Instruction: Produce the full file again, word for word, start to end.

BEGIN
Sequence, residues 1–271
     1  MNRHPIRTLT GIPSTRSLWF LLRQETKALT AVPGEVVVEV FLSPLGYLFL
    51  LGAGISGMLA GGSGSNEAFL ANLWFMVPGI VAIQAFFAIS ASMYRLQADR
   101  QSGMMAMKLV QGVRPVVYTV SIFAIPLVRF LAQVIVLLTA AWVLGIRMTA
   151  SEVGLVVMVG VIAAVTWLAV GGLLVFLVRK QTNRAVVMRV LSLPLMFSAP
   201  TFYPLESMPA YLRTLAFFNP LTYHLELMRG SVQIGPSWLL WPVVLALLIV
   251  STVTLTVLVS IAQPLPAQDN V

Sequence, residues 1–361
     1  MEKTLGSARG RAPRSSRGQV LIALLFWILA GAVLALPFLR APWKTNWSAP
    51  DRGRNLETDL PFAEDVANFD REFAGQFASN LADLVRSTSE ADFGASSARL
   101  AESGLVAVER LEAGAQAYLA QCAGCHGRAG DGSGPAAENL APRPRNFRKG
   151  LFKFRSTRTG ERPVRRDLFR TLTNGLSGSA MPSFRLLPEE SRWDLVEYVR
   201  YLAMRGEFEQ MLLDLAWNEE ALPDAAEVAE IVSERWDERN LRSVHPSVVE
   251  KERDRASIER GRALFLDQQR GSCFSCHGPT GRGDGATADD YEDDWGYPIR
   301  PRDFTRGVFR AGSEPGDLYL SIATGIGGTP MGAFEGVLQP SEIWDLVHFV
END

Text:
Sequence, residues 1–271
     1  MNRHPIRTLT GIPSTRSLWF LLRQETKALT AVPGEVVVEV FLSPLGYLFL
    51  LGAGISGMLA GGSGSNEAFL ANLWFMVPGI VAIQAFFAIS ASMYRLQADR
   101  QSGMMAMKLV QGVRPVVYTV SIFAIPLVRF LAQVIVLLTA AWVLGIRMTA
   151  SEVGLVVMVG VIAAVTWLAV GGLLVFLVRK QTNRAVVMRV LSLPLMFSAP
   201  TFYPLESMPA YLRTLAFFNP LTYHLELMRG SVQIGPSWLL WPVVLALLIV
   251  STVTLTVLVS IAQPLPAQDN V

Sequence, residues 1–361
     1  MEKTLGSARG RAPRSSRGQV LIALLFWILA GAVLALPFLR APWKTNWSAP
    51  DRGRNLETDL PFAEDVANFD REFAGQFASN LADLVRSTSE ADFGASSARL
   101  AESGLVAVER LEAGAQAYLA QCAGCHGRAG DGSGPAAENL APRPRNFRKG
   151  LFKFRSTRTG ERPVRRDLFR TLTNGLSGSA MPSFRLLPEE SRWDLVEYVR
   201  YLAMRGEFEQ MLLDLAWNEE ALPDAAEVAE IVSERWDERN LRSVHPSVVE
   251  KERDRASIER GRALFLDQQR GSCFSCHGPT GRGDGATADD YEDDWGYPIR
   301  PRDFTRGVFR AGSEPGDLYL SIATGIGGTP MGAFEGVLQP SEIWDLVHFV